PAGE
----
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In Search of Zambia’s Stunning Wildlife: A Virtual Safari

A young chacma baboon with its mother, near Victoria Falls.Credit…

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Photographs and Text by Marcus Westberg

With travel restrictions in place worldwide, we’re turning to photojournalists who can help transport you, virtually, to some of our planet’s most beautiful and intriguing places. We’re calling this new series “The World Through a Lens.” This week, the photographer Marcus Westberg shares a collection of wildlife photographs from Zambia, which he’s visited six times in the last decade.

Although highly appreciated by safari aficionados, Zambia has long flown under the radar for first-time visitors to Africa, overshadowed by its better known regional neighbors: Tanzania, Kenya, Botswana and South Africa.

But this landlocked country boasts some of the continent’s best national parks, primarily those lining the crocodile- and hippo-infested Luangwa River — and that’s not to mention the magnificent Victoria Falls.

The first time I set eyes on the muddy-brown Luangwa, I was 23 years old and on my first big African adventure. I arrived by public bus; the 75 miles from the border town of Chipata took over seven hours.

(I had to enter and exit the bus through a window, and I shared my chair-frame — the cushion was missing — with a very large lady and her rather terrified-looking hen.)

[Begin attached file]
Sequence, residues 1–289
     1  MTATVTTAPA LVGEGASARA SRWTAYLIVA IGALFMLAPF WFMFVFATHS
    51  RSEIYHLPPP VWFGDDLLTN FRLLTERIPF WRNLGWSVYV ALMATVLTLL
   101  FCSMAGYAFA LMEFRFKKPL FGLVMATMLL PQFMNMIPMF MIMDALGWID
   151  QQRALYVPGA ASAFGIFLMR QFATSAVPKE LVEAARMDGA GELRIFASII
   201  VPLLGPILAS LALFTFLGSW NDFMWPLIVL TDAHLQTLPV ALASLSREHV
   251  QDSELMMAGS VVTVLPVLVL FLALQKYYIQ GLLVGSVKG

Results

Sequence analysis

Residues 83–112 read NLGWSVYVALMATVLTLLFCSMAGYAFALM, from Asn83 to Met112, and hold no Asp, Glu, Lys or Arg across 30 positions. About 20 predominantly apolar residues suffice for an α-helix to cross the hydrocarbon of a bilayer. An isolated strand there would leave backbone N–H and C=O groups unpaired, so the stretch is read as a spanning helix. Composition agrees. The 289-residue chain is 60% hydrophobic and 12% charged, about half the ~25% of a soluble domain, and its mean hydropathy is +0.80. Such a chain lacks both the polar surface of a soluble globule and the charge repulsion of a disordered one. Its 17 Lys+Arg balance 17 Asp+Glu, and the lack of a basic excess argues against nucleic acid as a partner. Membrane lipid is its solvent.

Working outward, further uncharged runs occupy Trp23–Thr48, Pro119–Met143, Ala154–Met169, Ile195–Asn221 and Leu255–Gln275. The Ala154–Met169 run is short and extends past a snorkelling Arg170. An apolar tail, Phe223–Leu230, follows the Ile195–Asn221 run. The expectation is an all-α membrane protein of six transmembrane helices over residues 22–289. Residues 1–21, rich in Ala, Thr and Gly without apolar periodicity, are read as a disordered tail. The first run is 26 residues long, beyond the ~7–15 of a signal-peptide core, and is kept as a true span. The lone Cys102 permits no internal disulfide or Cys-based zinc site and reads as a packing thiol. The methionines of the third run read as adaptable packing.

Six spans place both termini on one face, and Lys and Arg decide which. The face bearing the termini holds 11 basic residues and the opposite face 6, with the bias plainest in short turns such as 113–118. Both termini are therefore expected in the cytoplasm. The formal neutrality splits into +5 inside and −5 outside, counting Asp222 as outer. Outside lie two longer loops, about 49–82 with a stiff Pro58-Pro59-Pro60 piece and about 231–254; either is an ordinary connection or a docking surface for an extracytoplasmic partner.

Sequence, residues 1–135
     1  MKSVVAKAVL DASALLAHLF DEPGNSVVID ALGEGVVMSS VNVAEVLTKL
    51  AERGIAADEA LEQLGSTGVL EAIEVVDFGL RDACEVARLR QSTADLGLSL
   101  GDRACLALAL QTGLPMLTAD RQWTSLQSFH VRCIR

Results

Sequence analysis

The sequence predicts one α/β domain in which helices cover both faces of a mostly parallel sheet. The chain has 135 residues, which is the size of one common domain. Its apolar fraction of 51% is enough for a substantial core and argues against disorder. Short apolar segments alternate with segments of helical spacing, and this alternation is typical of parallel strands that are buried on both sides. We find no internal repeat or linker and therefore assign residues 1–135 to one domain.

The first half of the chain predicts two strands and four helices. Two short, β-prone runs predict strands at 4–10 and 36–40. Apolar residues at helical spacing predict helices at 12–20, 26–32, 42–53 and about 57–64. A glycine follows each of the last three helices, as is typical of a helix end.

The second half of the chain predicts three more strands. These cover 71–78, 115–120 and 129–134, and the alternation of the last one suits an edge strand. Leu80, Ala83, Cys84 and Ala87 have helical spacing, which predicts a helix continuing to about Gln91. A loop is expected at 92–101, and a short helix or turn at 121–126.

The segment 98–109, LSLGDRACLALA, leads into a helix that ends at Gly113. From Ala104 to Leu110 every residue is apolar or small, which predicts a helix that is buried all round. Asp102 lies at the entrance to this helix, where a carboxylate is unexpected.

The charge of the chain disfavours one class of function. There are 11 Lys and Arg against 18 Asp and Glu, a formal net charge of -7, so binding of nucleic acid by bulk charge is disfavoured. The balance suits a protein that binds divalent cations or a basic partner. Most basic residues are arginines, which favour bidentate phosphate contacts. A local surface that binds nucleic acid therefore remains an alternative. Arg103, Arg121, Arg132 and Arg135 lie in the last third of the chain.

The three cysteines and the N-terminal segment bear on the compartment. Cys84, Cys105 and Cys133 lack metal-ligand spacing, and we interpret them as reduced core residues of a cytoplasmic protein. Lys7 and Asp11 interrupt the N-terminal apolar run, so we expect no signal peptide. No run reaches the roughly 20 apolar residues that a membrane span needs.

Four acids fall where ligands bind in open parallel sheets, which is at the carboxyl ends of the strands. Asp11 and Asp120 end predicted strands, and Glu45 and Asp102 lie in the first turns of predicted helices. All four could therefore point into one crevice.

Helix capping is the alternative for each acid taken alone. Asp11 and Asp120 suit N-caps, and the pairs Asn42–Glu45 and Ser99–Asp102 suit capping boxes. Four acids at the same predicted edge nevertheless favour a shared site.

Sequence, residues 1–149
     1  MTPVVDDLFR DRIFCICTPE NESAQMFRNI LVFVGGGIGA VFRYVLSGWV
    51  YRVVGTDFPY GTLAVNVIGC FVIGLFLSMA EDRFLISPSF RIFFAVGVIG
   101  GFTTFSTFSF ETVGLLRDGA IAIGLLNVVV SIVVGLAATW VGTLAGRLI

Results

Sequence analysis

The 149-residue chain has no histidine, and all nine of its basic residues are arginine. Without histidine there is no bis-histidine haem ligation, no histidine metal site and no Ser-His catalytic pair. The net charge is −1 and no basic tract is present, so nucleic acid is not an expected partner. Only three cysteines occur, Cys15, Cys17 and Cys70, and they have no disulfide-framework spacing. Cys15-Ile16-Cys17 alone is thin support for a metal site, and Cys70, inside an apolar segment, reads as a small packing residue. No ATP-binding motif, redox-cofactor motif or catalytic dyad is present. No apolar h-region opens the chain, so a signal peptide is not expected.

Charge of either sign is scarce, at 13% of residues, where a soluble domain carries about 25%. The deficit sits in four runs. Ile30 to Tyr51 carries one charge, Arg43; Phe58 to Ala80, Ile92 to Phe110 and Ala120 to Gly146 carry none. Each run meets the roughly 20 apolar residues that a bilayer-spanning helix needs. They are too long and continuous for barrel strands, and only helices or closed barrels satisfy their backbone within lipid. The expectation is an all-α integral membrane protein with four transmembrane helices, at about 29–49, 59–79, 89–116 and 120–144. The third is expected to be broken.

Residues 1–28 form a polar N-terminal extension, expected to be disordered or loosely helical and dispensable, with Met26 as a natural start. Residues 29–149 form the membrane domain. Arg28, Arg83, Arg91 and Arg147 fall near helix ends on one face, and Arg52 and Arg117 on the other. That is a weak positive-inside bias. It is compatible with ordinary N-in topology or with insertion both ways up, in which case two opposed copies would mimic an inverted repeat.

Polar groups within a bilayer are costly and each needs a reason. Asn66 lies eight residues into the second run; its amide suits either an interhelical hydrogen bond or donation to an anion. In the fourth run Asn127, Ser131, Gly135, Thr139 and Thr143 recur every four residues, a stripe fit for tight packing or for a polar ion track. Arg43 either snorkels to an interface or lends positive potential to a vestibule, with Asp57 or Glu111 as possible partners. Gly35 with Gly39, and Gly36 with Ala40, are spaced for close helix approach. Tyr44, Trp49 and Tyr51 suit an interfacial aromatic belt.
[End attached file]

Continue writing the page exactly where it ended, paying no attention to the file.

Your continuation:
I spent the next three weeks camping high up on a tree platform — so as to avoid playful baboons and marauding elephants — and exploring South Luangwa National Park when I could.

Often, though, I’d stay within the camp for days on end. The elephants would come through twice a day, the hippos every night, and the monkeys were never far away.

I’ve been back here and to the neighboring Luambe and North Luangwa national parks half a dozen times since. I have spent nights in dried riverbeds with friends and atop vehicles with wild-dog researchers, blanketed by nothing but the Milky Way.

I have tracked elephants and lions on foot, watched leopards hunt, hippos fight, zebras run and flocks of carmine bee-eaters dart in and out of their nests.

In Zambia, there’s something for everyone. The wildlife viewing in parts of South Luangwa can rival that of most of Africa’s top safari destinations. In Luambe you may literally have an entire park to yourself.

There are other Zambian gems, of course — the wide-open spaces of Liuwa Plain and Kafue national parks; the unspoiled wilderness of the Lower Zambezi; the thundering Victoria Falls.

But the Luangwa Valley was my first, and still strongest, love.

Marcus Westberg is a photographer and writer who focuses primarily on conservation and development issues in Sub-Saharan Africa.

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Travel

A World Turned Upside-Down

In 1966, the writer Paul Theroux was in Uganda at a time of curfew and violence. It shaped his thinking about travel writing’s imperative to bear witness.

By Paul Theroux